Wednesday, May 17, 2006

Immigration and the common-sense test

After all the demonstrations, I was grateful to hear the President take on the immigration issue -and address it at several levels, including documenting workers, border control and a less clear plan to make legit the millions of illegals already here. However, is anyone else feeling like the current immigration speeches continue to lack the common-sense test? When that happens our sincerity radar should be on high alert -in Bush's immigration speech and the Democrat responses it was what was not said that interests me.

What about the heavy dependence of large sectors of our economy on Hispanic illegal immigrants? How would our economy change? How would the price of goods and services change if the shadow workers become visible? Don't we depend on the cheap labor? What about all of those businesses, franchises, even corporations who have no interest in thoroughly documenting workers, providing minimum wage or benefits equal to legitimate workers - where is the policy to address this in any serious way? Or consumers who have no interest in paying "American" prices and wages? Without addressing this issue, the conversation remains a bit disingenuous. Examples follow.

"Illegal immigration puts pressure on public schools and hospitals ... strains state and local budgets ..." -Bush

Yes, but they also take off pressure by staffing public schools and hospital at minimal expense and often bring as many workers as needed to jobs that lie languishing if depending upon American labor.

Lets imagine I just turned off Maury Povich and headed to Meijer's to buy their $1.20/lb Tyson's chicken. Except now, due to staffing changes at Meijer's and Tyson's (not to mention other parts of the supply chain), my chicken costs $2.69/lb.. And that International Buffet where I take the family on Saturday night? The price has tripled - for the same reasons (meat processing, vegetable picking, kitchen labor). Want to hear a public outcry? It is not that people won't pay more - many can't pay more. Their good jobs have dried up - the service sector doesn't support people the way manufacturing and other middle class jobs did before globalization.

The working folks in places such as downstate Illinois fail to enjoy the bi-partisan wink and nod that goes on on the immigration topic. They live in hundreds of towns gutted by the loss of the manufacturing sector. They are depending upon someone to really see and care about the deterioration in their life, the disappearing options, the crumbling hope for their children, the increasing chasm between the haves in the big cities and the have nots in rural ex-factory towns. Illegal imigration poses a grave threat to them and to their children -even the mimimum-wage jobs at Denny's, Joe's Nursery and Wal-Mart - all are competed for by immigrants. And these are not the preferred jobs - no, these are often the remaining jobs.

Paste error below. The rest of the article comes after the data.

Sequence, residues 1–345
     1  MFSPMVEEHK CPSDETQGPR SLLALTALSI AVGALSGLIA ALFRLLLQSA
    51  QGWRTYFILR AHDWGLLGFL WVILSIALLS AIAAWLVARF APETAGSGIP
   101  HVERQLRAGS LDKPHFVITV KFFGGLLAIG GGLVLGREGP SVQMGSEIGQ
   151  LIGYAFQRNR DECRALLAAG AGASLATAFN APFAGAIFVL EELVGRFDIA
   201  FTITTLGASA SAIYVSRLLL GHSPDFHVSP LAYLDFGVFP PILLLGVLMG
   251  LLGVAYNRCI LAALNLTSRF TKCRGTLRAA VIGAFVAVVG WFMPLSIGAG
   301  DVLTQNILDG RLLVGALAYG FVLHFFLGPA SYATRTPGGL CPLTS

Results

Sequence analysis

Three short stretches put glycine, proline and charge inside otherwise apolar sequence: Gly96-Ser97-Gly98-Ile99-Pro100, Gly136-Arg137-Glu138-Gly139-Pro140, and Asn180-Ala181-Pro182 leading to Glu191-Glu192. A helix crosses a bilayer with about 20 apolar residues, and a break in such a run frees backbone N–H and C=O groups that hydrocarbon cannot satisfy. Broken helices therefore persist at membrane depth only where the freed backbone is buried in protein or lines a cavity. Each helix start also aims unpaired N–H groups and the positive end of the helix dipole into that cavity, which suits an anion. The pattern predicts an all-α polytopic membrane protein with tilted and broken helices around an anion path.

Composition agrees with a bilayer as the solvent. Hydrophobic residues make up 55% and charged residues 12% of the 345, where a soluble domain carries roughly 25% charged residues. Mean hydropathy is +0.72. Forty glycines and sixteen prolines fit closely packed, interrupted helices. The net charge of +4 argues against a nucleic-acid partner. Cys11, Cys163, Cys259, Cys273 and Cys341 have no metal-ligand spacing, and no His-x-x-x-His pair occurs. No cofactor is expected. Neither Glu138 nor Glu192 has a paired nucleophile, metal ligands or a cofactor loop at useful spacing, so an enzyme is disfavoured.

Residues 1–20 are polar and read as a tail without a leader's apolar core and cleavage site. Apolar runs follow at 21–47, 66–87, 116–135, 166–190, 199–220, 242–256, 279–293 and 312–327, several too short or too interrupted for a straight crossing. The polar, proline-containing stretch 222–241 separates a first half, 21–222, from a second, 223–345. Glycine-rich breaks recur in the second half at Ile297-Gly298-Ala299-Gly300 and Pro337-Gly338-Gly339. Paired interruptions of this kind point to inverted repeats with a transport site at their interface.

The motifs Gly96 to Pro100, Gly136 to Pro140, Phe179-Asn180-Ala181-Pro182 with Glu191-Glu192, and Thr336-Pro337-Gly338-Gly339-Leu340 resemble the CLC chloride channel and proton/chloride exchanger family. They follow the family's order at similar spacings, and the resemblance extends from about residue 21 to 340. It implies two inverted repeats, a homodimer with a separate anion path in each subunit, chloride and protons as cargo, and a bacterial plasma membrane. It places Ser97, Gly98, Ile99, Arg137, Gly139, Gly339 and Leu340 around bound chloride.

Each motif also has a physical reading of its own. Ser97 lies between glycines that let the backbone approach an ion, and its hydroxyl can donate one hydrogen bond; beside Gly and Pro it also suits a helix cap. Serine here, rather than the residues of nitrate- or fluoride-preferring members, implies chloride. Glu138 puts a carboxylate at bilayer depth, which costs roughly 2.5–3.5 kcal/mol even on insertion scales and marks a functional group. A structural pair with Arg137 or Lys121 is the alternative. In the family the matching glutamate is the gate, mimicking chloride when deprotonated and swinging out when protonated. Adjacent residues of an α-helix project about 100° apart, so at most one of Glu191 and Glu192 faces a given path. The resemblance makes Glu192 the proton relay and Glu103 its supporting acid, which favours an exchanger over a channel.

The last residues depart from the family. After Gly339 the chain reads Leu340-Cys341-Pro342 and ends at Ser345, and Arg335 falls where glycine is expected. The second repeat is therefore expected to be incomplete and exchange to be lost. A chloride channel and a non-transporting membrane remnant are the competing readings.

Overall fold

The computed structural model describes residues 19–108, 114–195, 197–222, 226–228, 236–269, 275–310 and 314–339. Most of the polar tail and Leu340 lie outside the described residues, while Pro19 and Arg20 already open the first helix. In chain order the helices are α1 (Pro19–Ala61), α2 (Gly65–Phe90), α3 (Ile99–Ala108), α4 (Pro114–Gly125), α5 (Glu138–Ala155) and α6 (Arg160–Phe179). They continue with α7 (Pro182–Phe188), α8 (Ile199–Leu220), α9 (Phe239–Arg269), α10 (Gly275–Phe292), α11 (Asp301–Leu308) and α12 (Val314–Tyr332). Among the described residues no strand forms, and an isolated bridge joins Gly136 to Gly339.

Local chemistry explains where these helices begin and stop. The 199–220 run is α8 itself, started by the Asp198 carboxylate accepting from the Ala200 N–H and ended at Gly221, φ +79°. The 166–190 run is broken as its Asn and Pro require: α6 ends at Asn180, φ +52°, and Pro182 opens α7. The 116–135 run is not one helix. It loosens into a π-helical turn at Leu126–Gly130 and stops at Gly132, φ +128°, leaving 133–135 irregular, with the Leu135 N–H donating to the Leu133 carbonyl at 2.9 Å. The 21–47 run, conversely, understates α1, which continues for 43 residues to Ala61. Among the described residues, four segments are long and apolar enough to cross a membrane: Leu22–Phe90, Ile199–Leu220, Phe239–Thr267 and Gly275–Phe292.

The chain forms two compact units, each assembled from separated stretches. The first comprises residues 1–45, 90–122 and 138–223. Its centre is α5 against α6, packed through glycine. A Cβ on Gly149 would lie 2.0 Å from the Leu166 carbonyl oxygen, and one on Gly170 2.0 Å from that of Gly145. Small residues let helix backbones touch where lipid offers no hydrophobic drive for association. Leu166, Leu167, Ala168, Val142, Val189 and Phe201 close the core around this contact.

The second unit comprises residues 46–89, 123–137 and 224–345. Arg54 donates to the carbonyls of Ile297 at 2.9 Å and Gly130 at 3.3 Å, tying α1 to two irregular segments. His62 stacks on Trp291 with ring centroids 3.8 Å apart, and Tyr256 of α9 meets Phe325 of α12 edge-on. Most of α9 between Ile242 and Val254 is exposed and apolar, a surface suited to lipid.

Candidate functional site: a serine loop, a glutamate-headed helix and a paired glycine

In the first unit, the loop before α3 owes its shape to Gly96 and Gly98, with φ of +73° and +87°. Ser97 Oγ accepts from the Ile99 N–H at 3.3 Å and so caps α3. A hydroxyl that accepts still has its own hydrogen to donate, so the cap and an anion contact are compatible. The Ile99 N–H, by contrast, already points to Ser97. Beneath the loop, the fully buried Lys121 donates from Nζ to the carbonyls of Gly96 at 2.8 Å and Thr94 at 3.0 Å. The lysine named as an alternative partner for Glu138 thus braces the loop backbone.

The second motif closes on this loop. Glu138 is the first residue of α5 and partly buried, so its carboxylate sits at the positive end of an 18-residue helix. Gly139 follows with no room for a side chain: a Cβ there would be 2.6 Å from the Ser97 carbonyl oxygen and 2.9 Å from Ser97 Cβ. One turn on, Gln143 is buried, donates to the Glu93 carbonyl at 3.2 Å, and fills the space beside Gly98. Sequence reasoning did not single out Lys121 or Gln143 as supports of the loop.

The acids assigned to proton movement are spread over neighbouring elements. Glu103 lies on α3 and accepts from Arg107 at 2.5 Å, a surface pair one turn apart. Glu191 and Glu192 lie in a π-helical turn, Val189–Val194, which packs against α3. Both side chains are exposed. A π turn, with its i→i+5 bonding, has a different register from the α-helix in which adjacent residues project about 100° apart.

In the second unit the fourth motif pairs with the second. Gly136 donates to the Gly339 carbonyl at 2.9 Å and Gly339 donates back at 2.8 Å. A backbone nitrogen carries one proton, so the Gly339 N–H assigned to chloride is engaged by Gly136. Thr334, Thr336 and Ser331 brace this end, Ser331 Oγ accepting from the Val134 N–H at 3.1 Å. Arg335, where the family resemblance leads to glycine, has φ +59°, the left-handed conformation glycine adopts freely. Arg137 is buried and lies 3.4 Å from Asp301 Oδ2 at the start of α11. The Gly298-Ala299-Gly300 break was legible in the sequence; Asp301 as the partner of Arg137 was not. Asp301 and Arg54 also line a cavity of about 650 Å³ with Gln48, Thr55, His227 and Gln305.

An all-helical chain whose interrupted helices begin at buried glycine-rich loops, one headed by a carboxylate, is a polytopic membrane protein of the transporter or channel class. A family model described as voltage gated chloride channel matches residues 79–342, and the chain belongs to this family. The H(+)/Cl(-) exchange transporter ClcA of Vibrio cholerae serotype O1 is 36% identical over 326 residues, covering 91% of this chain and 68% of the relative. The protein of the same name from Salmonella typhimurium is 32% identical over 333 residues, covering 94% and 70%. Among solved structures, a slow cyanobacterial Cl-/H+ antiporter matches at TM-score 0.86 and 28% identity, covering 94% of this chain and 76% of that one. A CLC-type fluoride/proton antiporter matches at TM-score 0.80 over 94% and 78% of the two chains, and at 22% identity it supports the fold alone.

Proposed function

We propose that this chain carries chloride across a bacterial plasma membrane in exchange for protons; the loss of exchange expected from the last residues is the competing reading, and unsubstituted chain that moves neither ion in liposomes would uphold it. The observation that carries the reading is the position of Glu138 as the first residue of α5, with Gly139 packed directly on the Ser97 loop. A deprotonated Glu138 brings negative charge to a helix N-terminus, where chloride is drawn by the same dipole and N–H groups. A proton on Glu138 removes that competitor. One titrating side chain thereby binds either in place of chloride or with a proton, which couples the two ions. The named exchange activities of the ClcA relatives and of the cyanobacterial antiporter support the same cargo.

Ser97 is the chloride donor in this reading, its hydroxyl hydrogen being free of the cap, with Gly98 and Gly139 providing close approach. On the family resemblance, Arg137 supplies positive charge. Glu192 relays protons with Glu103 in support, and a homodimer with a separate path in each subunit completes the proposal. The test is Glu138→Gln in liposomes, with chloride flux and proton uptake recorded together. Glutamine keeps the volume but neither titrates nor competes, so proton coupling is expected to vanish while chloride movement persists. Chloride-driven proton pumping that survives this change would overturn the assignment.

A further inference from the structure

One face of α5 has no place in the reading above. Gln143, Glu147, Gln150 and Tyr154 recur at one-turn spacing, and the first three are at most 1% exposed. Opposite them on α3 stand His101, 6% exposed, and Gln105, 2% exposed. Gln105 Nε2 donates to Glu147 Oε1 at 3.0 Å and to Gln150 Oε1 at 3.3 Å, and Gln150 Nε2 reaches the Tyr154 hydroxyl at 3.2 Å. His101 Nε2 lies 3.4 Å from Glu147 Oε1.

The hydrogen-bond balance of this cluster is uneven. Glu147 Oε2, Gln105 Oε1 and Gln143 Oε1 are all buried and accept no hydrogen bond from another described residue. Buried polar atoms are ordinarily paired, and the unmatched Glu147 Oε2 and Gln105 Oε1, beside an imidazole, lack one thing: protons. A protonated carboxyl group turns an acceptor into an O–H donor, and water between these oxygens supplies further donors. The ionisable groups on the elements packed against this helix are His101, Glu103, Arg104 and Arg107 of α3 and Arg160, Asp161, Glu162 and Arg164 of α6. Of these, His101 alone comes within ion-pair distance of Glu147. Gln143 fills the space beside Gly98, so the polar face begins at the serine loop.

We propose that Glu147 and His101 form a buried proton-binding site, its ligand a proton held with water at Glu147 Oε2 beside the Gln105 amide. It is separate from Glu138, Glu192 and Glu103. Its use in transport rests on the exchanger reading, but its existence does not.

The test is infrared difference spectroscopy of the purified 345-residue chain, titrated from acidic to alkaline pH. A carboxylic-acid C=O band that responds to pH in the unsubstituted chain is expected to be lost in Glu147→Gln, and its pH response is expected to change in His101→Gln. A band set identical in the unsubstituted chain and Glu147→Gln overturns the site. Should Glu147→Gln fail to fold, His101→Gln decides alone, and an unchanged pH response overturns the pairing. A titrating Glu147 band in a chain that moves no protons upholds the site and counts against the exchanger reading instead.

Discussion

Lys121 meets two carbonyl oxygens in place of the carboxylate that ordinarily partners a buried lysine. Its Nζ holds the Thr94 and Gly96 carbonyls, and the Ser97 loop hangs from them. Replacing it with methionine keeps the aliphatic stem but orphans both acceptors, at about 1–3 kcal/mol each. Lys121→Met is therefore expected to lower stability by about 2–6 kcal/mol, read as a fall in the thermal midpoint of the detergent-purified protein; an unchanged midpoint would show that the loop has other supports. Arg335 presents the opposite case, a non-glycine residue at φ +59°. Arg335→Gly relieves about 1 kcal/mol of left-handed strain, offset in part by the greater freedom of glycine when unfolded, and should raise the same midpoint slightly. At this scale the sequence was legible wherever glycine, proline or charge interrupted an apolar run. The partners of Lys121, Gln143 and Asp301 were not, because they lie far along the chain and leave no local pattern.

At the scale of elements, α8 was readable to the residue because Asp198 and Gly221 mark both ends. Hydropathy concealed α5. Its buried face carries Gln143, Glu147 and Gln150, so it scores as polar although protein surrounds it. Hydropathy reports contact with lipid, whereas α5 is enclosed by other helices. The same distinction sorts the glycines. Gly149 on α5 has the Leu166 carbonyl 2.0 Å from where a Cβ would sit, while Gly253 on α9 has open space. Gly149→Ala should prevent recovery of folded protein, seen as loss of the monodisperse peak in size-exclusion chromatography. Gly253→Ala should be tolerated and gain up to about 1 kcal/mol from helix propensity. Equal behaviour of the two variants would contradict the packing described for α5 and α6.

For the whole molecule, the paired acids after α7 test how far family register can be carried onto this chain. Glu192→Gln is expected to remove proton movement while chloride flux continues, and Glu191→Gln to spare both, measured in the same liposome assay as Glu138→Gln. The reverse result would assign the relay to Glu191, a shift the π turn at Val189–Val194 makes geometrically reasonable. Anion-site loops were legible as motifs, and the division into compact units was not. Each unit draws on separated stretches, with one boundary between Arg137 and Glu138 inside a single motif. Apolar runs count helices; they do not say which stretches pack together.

In my affluent neck of the woods, people fail to have the outrage, anger and anxiety of the little man. Their jobs are fine, thank you, and may depend on having that brown underlayer. Their nannies and housekeepers and certainly, lawn crews, are probably not documented workers. Neither are many of their construction workers - the painters who barely speak English, carpenters, stone workers who lay those Unilock patios. But if we employed union workers we'd have to pay twice as much! And we already pay $25 a plate for our free-range Napa-Valley chicken. No- leave those workers alone. Just secure the borders. Eh?

In terms of the idea of temporary or guest workers - another common-sense test needs to be applied. When, precisely, will the cafeteria jobs at my local high school be "finished"? The landscaping crews? The meat packers? THe hospital orderlies? What jobs exactly are "finished" so that immigrants will docilely return to Mexico or South America. Or do we not care about those jobs? Crop harvest is merely one segment of the labor debate.

Visuals help. Our dependence on cheap, illegal labor makes us like a giant magnet. All of the metal filings are on the other side of the border. We are now reassured to hear that there will be two layers of chicken wire keeping the filings from contacting the magnet. But the pull of the magnet continues.

Do we really care about the little guy? Do we really believe we can change our economy? Can we really give up the benefits of the existing system? We need to get real.

1 Comments:

Anonymous Anonymous said...

No one in this current debate seems to want to mention the fact that the ongoing outsourcing of American jobs oversees, and the economic policies being made by Washington, have contributed much to the current labor unrest and immigrant resentment in this country. The lose of thousands of jobs, and the social uprooting they cause, are what American workers are mostly angry about in this current debate. Someone needs to be blamed. Someone needs to be held acountable.
So lets let "others" shift and redirect that anger for our unemployment problems and lowering of our standard of living away from those directly responsible. Let the blame fall on the illegal immigrants who do the low paying, often dirty jobs that most American workers wouldn't want to do. Let's label them the real threat to the fabric of American society. After all, it's always been easier to beat down the weak and downtrodden then take on the powerful interests that really control our lives. This has been the story of immigration in our nation for over 300 years. Have we learned nothing in all that time?
It's time Americans woke up and had the courage to face the real threats and causes of our economic and social problems, instead of just lashing out against those that can't defend themselves. Are we really just sheep? "and like sheep, we are led to the slaughter".
-AC

8:25 AM  

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